The Father Crow (left) and the adult Hawk (right) in aerial battle (Dec. 2008), next to the Crow Family nesting tree
It was the Father Crow who did most of the extreme aerial battling, and by the third day of the Hawks visit, the Crow family was getting no peace.  Then, an interesting event happened.

Late one afternoon, a large Wedge-tail Eagle appeared above, in the sky, thermalling eastward. The Father Crow took off after it (he was about 1/4 of its size). He attacked at this Eagle, again and again. chasing it high into the sky, above a neighbouring Crow family's nesting ground, a couple of km, further to the east. As he approached the other Crow Family's territory, those Adult Crows from that territory also came out to chase the huge Eagle. Eventually, the three adult Crows chased the Eagle far away. The Adult Crows then all returned back to the Eastern Crow family territory, and the Father Crow (Benoit's Father) didn't come back for some time.

Meanwhile, the children, Baba, Benoit, Lucy and their Mother, sat in the trees near their nesting tree, and waited. 

About half an hour later, the Children's Father came back, and took the family - Mother, Baba, Benoit and Lucy over to the neighbouring Crows' territory, and they appeared to spend the night there. I think, in hindsight, that this Eagle fighting and show of strength, was done by the children's Father, to illustrate his usefullness, and then a visit and stay over was negotiated, on this basis, so the Family could have a rest from waking up every morning, and having to deal with the Hawk Family's presence.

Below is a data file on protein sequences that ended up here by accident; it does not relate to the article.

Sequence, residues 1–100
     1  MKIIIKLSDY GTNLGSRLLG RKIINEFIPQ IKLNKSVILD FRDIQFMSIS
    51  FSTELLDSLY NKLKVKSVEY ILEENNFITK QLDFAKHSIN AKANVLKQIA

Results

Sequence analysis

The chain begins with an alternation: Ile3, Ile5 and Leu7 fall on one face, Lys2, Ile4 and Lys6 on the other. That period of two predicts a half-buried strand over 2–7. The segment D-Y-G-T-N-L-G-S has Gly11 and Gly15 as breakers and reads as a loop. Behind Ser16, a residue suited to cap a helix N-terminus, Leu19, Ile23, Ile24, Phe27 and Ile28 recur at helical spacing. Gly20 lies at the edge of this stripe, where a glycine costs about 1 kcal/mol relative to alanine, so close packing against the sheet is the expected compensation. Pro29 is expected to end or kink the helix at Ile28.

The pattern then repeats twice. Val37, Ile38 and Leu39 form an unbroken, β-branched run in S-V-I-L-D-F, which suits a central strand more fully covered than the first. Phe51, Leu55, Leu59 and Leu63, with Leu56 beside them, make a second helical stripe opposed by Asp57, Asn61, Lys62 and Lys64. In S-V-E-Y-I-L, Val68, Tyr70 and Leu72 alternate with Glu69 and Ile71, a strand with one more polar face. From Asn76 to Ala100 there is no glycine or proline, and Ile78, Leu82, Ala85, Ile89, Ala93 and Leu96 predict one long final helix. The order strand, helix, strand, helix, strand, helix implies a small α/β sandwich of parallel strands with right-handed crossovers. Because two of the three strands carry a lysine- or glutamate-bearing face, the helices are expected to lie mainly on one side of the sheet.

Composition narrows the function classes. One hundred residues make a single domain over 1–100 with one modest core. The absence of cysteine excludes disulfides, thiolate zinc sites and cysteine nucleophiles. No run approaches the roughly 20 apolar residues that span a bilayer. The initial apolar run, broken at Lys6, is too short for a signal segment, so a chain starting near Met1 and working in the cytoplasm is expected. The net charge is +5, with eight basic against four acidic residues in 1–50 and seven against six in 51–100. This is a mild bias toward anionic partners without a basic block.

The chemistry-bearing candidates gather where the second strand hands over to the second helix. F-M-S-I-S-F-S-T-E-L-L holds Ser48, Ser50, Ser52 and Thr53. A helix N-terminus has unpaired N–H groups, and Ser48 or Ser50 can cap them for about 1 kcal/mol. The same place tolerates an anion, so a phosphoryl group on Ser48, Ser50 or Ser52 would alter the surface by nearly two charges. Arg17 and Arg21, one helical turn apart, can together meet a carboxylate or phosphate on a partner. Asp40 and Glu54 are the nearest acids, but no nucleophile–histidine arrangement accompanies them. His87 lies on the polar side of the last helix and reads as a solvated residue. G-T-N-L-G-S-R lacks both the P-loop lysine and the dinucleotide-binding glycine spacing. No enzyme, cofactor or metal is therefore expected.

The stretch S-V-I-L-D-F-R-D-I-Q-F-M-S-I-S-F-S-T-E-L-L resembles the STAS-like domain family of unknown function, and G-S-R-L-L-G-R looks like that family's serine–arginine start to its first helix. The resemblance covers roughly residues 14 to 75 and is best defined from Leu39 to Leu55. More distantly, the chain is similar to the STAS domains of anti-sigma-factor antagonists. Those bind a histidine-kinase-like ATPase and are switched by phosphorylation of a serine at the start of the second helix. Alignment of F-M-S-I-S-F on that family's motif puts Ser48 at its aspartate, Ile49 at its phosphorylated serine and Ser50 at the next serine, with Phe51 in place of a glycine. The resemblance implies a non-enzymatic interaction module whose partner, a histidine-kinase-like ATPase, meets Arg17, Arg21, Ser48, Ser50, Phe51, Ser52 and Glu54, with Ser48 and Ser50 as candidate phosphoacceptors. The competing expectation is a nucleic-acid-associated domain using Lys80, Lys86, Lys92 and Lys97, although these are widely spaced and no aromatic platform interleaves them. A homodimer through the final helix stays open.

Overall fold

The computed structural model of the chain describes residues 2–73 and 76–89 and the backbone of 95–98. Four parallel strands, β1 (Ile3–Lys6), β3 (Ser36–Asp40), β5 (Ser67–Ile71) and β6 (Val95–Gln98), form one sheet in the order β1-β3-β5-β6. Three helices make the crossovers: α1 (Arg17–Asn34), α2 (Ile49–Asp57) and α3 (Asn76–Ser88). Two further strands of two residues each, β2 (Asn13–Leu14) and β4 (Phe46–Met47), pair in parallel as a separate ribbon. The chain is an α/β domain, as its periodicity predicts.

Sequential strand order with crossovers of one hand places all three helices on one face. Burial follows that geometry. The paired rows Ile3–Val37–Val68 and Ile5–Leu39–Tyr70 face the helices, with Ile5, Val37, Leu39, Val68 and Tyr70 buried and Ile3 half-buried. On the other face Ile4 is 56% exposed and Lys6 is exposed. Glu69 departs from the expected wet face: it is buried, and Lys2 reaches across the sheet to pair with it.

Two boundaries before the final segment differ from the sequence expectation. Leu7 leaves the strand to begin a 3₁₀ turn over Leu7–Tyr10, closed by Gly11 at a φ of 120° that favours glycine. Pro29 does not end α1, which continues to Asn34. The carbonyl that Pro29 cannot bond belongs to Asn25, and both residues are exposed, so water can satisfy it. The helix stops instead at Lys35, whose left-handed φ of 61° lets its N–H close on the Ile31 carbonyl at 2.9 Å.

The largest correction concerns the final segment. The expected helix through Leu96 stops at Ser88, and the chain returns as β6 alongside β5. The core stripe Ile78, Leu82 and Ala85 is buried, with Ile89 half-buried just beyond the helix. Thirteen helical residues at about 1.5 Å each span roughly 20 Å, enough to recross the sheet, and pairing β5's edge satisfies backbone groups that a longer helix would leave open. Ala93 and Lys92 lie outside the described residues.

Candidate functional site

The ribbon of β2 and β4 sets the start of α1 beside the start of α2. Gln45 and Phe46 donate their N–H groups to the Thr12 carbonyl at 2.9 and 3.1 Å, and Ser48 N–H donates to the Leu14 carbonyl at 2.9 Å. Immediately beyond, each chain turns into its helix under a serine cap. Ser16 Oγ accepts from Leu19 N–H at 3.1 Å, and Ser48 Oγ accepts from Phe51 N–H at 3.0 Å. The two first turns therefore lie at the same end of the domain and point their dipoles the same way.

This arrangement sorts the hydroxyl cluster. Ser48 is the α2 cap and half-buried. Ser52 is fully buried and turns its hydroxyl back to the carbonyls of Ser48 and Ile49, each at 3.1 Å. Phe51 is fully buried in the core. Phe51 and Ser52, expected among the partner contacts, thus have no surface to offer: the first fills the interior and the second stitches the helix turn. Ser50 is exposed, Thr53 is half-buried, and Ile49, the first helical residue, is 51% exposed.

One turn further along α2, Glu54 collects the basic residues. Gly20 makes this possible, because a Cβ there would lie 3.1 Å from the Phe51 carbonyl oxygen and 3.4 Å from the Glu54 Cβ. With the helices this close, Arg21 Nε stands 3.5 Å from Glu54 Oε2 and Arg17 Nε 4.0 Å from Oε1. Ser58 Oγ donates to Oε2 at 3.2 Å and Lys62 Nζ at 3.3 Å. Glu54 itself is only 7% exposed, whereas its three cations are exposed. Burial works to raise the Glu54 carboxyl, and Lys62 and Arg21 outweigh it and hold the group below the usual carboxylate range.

As I write this, the Hawks have once again been "showing strength"in the area, and the three young Crows, and Parents are out calling loudly, and doing "Crow strategy" in the territory, to warn the Hawks to stay away. The Children of the Crows are now young Crows, able to fly and fight and defend alot better, than at the beginning of the year.

Their young voices are assuming the hard qualities of an older crow, they can all call out very loudly now, and their vocabulary has become rather complex and involved. I can still distinguish the parent's calls from the children's calls, but possibly not for very much longer.

Meanwhile, Benoit has taken to becoming my "friend".  Benoit has been coming down to "humbug" for food.  I have been throwing out dog bones from the butchers, soaked barley grain, corn cobs and orange for the Crow family to scavenge from.  Benoit comes down from the trees and has long conversations with me. Crow vocabulary is indeed complex. Occassionally Benoit tries to copy my speech pattern, and I, in turn, try to mimic Benoit's

When I dig in the compost, I throw worms out for Benoit. Bending over to find a worm, Benoit has taken to hopping on my back, and looking over my shoulder, waiting for the worm to be thrown out onto the grass.

If I am out in the yard, and Benoit flies in to visit, sometimes Benoit will land on my head. This feels rather strange for me - hence, the photo below show my "wierd look" as Benoit perches atop my head, and tries to "work out" what I am about.

Benoit checks out my Sahasrara Chakra, (25th February, 2009)